The Arb Academy has been recruiting again this week. Our irreplaceable Jodie Hodgkins has been tireless in organising interviews for apprentices and employers. Four of our prospective apprentices were taken on straight away by Birch Utilities on Thursday, and there are more applicants and interviews in the pipeline.
Next week, is week two of the block weeks, for our previous cohort, and they will be undertaking various chainsaw activities and assessments, and taking their ROLO test. If they haven’t read this, and it is very unlikely that they have- then it will come as a lovely surprise!
However, nothing could be further from the truth, there is an awful lot going on behind the scenes, and some very good reasons for the trees to put themselves through all this apparent hassle.
For a broadleaved tree to keep the leaves through the winter would be difficult and costly in energy terms. Losing them is actually a very clever survival strategy, and one that has served deciduous trees well for many millions of years. The vivid red, yellow and brown colours are simply what is left when all the useful stuff has been reabsorbed from the leaves, leaving only the skeleton of the leaf, and some waste products behind.
The leaves fall, and are broken down by the fungi and other microorganisms, and are then re-used by the trees to make next year’s leaves.
Deciduous trees tend to have large thin leaves generally, that continually lose water, and that water is replaced by the roots by a process known as ‘transpiration’. In winter, water sometimes freezes, and so is inaccessible for the tree, so the leaves could not be kept supplied. It’s called ‘physiological drought’- there is plenty of water around, it just isn’t in a form that the tree can use.
In addition, light levels are much lower, the Sun is lower in the sky, and the amount of light reaching the leaves is massively reduced. Leaves make the food that the tree uses to live, grow, and reproduce, but they still need energy to keep themselves going. The amount of energy used to keep the leaves alive, would not be offset by the amount of food produced by them at these reduced light levels, so it makes perfect sense to drop them, recycle them, and then put new ones out in the spring.
It also means you can ditch some annoying pests and diseases along with the leaves!
The new leaves have already been made by the tree this year, and are packed up like tiny parachutes inside the buds waiting for the cue to open. The cue varies between different trees, with some using light levels and day length as the trigger, and others temperature. That’s why trees come into leaf at different times, and sometimes earlier or later each year, the rhyme:
“Ash before Oak in for a soak, Oak before Ash in for a splash” illustrates that people understand this and at least have noticed that trees vary their habits according to variability in light and heat.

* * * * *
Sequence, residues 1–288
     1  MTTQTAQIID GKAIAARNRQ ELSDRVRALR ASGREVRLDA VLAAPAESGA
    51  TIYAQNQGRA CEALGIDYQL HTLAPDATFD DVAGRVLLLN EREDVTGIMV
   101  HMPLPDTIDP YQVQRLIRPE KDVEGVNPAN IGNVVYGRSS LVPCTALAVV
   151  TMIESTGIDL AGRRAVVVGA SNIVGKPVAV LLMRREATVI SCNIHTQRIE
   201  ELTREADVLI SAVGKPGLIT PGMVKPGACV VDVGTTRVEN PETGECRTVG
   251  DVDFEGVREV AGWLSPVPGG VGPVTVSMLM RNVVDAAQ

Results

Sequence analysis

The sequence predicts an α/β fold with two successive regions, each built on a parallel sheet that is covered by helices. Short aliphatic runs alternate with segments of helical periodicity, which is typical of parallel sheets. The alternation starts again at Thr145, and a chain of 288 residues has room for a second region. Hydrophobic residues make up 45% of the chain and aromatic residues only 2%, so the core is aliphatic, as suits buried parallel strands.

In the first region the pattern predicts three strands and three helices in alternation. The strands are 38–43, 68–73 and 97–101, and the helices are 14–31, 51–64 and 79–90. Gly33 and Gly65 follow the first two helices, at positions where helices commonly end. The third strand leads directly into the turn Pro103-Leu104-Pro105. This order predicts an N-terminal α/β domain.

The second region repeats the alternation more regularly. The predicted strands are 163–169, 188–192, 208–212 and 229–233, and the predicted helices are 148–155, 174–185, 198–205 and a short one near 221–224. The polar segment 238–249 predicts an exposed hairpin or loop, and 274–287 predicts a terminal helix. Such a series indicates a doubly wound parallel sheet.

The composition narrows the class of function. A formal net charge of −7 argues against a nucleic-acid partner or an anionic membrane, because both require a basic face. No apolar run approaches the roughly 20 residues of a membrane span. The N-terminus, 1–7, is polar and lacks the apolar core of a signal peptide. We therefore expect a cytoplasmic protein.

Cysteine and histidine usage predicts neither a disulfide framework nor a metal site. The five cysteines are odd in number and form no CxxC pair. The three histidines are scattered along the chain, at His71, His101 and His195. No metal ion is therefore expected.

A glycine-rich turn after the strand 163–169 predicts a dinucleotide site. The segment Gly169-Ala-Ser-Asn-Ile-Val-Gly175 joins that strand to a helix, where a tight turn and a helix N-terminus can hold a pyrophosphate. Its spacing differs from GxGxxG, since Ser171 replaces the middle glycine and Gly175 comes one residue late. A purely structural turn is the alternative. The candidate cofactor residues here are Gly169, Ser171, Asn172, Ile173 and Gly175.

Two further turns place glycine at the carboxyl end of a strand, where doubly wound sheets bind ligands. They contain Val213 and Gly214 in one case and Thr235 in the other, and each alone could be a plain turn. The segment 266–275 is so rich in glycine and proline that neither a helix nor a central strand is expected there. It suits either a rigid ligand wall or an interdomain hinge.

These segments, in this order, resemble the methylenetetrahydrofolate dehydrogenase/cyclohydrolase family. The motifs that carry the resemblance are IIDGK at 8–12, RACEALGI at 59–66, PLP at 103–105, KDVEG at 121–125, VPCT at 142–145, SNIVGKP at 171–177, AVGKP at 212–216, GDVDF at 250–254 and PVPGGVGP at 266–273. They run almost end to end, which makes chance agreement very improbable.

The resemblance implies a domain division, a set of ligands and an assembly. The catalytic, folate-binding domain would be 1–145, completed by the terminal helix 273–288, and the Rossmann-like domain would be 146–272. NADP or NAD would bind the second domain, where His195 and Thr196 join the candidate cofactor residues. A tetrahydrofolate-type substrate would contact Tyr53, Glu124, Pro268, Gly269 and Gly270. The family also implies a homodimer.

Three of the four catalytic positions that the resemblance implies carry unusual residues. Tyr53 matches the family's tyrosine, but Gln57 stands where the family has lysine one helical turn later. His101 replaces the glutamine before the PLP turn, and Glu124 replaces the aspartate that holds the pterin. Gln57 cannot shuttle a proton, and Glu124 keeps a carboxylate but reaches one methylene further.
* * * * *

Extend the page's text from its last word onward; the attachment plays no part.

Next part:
So trees may slow down a bit in the winter, but they are not in suspended animation, they are still very much alive and kicking, and monitoring what is going on in the environment around them- so much for dormant!
Although called ‘evergreens’ it doesn’t mean that they keep their leaves forever, they just tend to shed them all year round, and sometimes at particular times of year.
These adaptations, also means that conifers tend to survive in the wild at the extremes, such as altitude, or high latitude, where a lot of broadleaves couldn’t live.
Walking through the woods, along with thinking about trees and winter, it also got me thinking about Ash trees. I took this picture on Saturday afternoon. It is a relatively normal scene, one that is repeated all over Dartmoor, and the rest of Britain. However, with the advent of Ash Dieback, and its recent introduction to this country, scenes like this will disappear over the next decade or so.
Just try to imagine this scene with most of the trees taken out.
All of the main trees in the hedgerow to the left are Ash, as are the regenerating trees in the clear-felled area to the right. This picture without the Ash trees would look very different but unfortunately, that is exactly what is going to happen. It is quite sad to think that something so common, will become so rare. Plant health experts are working on a mortality rate of around 95%. A rough estimate is that there are about 12 billion Ash trees in this country, and the vast majority of them will be gone in the next few years. Whilst we can, unfortunately, do nothing to stop this happening, we do need to think about preventing other diseases coming in that affect other trees.
Imagine that picture above with not only the Ash missing, but also the Oaks, Chestnuts, Birches and Sycamores. We have to pay more attention to biosecurity, or the loss of our Elms, and now our Ash, will only be the start.